Two thirds of the on-screen talent at the BBC earning more than £150,000 per year are men, BBC figures are expected to reveal.
The salaries, to be published for the first time today, will show a gender pay gap among some of the corporation’s top earners.
The BBC will publish the list of highly paid presenters and journalists as part of a disclosure ordered by the Government.
The list is thought to include presenters Chris Evans, Fiona Bruce and Graham Norton, as well as journalists such as BBC News political editor Laura Kuenssberg and Radio 4’s Today programme presenter John Humphrys.
The names will be made public as part of the BBC Annual Report & Accounts publication.
Ahead of the announcement, Match of the Day’s Gary Lineker joked about the potential backlash.
He tweeted: “Happy BBC salary day. I blame my agent and the other TV channels that pay more. Now where did I put my tin helmet?”
Happy BBC salary day. I blame my agent and the other TV channels that pay more. Now where did I put my tin helmet?
— Gary Lineker (@GaryLineker) July 19, 2017
While the BBC has published senior management pay for many years, this is the first time it has done so for on-air talent.
Damian Collins MP, chair of the Culture, Media and Sport Committee, told Sky News: “This could be a really serious issue.
“If it becomes clear that people doing the same job with the same level of experience but being paid at very different levels, people will question why that can be the case.
“There has been concern raised that we may see examples of this.
“This would certainly be a very serious matter.
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“This would certainly be something we would take up very strongly with the BBC when the director general and the chairman appear before the select committee in the autumn.”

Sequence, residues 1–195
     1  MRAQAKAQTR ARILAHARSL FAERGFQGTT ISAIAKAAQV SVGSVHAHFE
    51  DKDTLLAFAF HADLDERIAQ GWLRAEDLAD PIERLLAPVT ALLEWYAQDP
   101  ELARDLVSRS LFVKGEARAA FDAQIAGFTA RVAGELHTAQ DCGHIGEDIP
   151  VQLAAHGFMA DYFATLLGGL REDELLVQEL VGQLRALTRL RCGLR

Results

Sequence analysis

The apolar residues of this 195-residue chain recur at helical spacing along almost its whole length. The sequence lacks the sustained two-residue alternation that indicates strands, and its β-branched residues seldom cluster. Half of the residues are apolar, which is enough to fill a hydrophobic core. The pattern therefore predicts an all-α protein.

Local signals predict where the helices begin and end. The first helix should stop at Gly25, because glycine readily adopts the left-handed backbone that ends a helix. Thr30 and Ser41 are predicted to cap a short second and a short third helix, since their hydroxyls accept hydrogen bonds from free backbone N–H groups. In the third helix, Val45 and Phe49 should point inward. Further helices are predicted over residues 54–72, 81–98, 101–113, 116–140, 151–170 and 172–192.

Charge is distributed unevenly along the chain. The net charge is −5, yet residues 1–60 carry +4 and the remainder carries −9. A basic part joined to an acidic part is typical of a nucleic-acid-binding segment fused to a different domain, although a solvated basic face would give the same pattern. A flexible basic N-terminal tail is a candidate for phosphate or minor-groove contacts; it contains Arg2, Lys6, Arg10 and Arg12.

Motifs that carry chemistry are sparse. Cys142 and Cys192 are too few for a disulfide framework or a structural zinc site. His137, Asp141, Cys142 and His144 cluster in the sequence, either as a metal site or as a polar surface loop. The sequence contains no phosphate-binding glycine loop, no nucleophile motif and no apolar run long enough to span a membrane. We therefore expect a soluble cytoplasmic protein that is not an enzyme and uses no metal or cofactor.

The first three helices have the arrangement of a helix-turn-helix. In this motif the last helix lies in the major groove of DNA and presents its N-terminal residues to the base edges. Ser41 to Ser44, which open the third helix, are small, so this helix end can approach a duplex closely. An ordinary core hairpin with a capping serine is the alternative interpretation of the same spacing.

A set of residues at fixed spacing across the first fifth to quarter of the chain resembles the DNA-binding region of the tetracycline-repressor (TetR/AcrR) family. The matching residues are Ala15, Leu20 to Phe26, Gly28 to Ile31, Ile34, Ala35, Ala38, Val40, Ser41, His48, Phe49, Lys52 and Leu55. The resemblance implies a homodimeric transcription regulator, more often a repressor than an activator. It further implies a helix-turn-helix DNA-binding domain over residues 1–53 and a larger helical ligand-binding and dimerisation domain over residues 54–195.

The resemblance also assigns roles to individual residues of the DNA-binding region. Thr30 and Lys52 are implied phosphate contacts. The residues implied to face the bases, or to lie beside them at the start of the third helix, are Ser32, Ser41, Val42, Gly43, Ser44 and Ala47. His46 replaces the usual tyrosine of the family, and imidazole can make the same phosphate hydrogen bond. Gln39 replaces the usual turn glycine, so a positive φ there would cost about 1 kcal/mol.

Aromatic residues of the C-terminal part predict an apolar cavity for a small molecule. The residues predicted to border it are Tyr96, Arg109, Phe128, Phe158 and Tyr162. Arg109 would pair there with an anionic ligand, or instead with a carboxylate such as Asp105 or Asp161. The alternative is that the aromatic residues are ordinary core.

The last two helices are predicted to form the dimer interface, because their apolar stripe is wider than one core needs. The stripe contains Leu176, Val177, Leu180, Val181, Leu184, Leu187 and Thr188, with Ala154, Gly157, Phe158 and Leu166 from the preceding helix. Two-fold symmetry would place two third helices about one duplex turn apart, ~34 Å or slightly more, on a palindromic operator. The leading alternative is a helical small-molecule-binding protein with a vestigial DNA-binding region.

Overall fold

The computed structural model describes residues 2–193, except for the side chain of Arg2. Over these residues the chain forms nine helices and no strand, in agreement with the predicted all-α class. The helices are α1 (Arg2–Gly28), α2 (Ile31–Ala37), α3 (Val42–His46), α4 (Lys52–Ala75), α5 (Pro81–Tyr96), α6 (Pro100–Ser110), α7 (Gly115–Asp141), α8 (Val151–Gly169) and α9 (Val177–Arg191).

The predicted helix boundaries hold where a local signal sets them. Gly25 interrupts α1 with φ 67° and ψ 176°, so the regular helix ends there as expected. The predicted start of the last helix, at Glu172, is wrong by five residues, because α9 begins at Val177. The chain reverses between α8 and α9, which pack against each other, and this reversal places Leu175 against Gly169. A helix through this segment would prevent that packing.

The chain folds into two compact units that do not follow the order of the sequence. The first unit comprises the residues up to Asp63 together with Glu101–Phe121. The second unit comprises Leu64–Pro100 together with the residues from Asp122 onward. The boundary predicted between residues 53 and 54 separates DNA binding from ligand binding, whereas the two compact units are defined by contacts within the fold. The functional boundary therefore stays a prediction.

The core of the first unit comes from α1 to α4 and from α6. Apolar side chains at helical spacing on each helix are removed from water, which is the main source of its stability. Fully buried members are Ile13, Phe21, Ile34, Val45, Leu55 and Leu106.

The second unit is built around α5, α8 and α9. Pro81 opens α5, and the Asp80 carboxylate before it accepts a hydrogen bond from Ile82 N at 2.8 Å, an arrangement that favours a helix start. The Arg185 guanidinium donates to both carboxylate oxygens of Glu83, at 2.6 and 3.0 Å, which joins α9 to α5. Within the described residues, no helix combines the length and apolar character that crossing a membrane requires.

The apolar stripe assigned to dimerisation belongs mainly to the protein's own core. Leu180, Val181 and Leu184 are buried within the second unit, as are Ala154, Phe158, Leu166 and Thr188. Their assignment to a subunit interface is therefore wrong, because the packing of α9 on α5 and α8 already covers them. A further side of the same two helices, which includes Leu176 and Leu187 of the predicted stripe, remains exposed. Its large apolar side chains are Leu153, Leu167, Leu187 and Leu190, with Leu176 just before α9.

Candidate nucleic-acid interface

Sir Craig Oliver, David Cameron’s former director of communications and ex-BBC News executive, said the Corporation could be facing “an inherent sexism issue” if figures reveal gender pay differences.
He told Sky News: “I’ve heard anecdotally that some female presenters are paid less than men who are doing the equivalent job.
“The people who decide those salaries will come up with all sorts of reasons for that but when it’s down in black and white that becomes a profound issue.
“People are going to say that’s a problem and ask if there is an inherent sexism issue.
“I think it is right that people get to see the figures.”
Of the 43,000 talent contracts with the BBC last year, around a quarter of one per cent were paid more than £150,000, they said.
And the bill for top talent was down 10% year on year, and down by a quarter over the last five years, according to BBC figures.
Cat Lewis, chief executive of Nine Lives Media, a production company which makes programmes for the BBC, believes revealing presenters’ salaries could damage the corporation.
“Whilst I understand the need to be transparent with licence payers money, I don’t think this is going to help the BBC.
“It will make it enormously difficult for them to remain competitive and could mean they cannot retain talent. That’s going to be bad for programme making.”
A spokesman for the BBC said it was spending less on individual talent now than ever before.